In various exemplary embodiments, the optical assembly portion 205 is movable in the vertical Z-axis direction relative to the workpiece stage 210 using a controllable motor 294 that drives an actuator, a connecting cable, or the like, to move the optical assembly portion 205 along the Z-axis to change the focus of the image of the workpiece 20 captured by the camera system 260. The term Z-axis, as used herein, refers to the axis that is intended to be used for focusing the image obtained by the optical assembly portion 205. The controllable motor 294, when used, is connected to the input/output interface 130 via a signal line 296.

As shown in FIG. 2, in various exemplary embodiments, the control system portion 120 includes a controller 125, the input/output interface 130, a memory 140, a workpiece program generator and executor 170, and a power supply portion 190. Each of these components, as well as the additional components described below, may be interconnected by one or more data/control buses and/or application programming interfaces, or by direct connections between the various elements.

The input/output interface 130 includes an imaging control interface 131, a motion control interface 132, a lighting control interface 133, and a lens control interface 134. The motion control interface 132 may include a position control element 132 a, and a speed/acceleration control element 132 b. However, it should be appreciated that in various exemplary embodiments, such elements may be merged and/or indistinguishable. The lighting control interface 133 includes lighting control elements 133 a-133 n which control, for example, the selection, power, on/off switch, and strobe pulse timing, if applicable, for the various corresponding light sources of the machine vision inspection system 100. The lighting control interface 133 also includes a lighting control element 133 ed which controls the selection, power, and on/off switch for the focused structured light source 230′.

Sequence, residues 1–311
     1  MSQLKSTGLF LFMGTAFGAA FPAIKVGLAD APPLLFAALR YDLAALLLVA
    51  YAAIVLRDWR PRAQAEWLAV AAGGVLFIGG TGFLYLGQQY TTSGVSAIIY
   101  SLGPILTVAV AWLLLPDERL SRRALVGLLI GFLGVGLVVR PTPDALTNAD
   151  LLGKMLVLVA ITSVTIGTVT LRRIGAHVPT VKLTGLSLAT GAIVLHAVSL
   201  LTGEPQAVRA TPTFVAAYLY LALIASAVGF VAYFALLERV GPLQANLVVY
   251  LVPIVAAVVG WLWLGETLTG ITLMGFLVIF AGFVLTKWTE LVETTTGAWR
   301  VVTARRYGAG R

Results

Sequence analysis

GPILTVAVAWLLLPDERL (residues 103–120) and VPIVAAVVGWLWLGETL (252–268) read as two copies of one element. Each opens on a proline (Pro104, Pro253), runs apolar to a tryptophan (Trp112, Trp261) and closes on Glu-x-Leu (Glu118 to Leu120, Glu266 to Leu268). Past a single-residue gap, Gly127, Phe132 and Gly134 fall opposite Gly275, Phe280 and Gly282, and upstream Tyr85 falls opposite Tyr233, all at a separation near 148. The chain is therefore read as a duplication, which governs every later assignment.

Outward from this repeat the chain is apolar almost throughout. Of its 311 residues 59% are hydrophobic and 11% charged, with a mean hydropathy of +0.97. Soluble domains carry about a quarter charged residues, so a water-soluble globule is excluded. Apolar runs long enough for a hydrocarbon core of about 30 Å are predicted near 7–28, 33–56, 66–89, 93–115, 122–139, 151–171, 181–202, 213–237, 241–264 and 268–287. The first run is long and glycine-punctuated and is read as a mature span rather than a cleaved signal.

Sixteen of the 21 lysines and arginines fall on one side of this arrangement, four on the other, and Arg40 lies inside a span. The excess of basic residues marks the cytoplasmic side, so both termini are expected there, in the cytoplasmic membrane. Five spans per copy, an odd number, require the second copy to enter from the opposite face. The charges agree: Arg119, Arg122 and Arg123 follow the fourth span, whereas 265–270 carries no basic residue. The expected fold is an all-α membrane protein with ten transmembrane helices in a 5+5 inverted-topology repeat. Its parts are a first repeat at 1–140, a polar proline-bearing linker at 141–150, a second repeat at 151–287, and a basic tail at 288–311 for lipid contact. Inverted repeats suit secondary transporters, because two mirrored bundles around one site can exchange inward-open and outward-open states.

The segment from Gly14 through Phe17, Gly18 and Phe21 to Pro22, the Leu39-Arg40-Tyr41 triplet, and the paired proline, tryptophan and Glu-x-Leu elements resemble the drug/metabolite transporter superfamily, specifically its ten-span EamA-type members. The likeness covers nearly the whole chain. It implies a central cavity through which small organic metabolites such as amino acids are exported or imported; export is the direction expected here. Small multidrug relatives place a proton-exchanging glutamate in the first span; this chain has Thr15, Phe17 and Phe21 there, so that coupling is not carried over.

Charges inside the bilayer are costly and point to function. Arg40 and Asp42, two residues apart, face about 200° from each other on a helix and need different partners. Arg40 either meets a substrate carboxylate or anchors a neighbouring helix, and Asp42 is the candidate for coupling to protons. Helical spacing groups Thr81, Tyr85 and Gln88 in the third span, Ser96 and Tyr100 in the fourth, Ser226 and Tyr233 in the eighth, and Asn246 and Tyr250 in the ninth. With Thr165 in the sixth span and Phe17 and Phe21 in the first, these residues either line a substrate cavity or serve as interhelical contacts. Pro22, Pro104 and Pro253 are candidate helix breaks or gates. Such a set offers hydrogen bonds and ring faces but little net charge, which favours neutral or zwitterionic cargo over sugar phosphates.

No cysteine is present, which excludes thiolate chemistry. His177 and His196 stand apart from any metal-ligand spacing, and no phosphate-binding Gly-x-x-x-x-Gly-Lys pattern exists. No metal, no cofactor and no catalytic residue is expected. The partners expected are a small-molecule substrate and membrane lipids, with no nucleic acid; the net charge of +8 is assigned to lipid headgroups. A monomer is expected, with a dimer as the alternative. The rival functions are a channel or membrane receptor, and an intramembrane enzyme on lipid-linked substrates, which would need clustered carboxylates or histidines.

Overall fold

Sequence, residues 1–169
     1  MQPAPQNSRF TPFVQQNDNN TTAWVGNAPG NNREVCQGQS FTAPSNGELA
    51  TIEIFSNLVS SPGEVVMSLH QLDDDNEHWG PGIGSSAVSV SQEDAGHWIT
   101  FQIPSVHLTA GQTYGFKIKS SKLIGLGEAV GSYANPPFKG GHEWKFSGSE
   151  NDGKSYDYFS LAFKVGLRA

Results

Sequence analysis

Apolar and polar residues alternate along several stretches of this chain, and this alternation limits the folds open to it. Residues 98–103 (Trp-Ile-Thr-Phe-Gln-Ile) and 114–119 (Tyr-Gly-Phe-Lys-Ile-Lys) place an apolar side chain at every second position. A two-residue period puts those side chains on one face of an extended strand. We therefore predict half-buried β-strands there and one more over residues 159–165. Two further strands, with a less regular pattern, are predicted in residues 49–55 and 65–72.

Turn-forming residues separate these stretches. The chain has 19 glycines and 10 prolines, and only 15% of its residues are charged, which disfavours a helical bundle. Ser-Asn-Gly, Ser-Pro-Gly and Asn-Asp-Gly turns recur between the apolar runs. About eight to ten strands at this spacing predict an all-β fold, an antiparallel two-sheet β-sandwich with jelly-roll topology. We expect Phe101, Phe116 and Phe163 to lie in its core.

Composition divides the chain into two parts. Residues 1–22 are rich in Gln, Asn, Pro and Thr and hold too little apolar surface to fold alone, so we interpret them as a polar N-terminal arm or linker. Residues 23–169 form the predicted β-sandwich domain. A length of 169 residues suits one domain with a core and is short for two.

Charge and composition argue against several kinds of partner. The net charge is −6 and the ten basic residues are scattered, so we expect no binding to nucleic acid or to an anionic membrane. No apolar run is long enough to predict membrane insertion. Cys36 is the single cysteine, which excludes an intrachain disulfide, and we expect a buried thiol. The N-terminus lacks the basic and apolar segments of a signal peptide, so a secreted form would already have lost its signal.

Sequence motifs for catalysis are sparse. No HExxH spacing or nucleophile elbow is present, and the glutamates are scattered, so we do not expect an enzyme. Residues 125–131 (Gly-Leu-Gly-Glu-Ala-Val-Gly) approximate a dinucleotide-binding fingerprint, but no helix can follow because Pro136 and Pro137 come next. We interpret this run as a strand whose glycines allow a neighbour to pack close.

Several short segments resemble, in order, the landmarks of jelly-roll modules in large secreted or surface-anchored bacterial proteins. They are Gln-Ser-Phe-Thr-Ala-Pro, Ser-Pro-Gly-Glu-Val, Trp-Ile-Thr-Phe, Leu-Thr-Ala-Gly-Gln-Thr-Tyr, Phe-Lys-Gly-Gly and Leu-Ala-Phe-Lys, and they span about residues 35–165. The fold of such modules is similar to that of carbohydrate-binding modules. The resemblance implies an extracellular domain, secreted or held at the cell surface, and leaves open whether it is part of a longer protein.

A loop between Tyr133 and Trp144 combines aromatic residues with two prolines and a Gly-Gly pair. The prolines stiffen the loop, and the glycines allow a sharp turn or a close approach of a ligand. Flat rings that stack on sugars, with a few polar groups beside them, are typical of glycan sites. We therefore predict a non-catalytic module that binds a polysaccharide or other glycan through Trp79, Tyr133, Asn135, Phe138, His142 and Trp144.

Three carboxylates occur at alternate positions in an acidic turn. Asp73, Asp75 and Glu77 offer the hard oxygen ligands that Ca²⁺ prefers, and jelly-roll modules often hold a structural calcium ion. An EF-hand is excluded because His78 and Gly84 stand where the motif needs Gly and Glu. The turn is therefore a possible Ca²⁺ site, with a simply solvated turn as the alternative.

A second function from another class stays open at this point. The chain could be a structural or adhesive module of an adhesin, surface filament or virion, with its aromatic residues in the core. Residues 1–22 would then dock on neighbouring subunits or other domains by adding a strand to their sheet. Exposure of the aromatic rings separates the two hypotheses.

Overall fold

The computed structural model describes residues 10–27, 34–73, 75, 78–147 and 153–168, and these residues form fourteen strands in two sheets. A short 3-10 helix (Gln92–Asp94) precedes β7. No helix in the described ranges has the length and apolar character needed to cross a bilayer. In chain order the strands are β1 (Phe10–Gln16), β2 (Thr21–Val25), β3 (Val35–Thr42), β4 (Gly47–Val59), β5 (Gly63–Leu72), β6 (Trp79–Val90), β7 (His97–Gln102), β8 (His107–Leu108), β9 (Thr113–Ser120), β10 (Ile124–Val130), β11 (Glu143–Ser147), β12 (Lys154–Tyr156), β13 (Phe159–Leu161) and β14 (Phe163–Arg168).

The memory 140 includes an image file memory portion 141, a workpiece program memory portion 142 that may include one or more part programs, or the like, and a video tool portion 143. The video tool portion 143 includes tool portion 143 a and other similar tool portions (e.g., 143 n), as well as an edge detection video tool 143 ed which determine the GUI, image processing operation, etc., for each of the corresponding tools. The video tool portion 143 also includes a region of interest generator 143 x that supports automatic, semi-automatic, and/or manual operations that define various ROIs that are operable in various video tools included in the video tool portion 143. It should be appreciated that the edge detection video tool 143 ed may be configured in one mode to perform conventional edge detection operations using the light source 230 to provide source light 232 and may be additionally configured to perform edge detection operations in another mode using the focused structured light source 230′ to provide source light 232′. The latter mode will be described in further detail in later figures.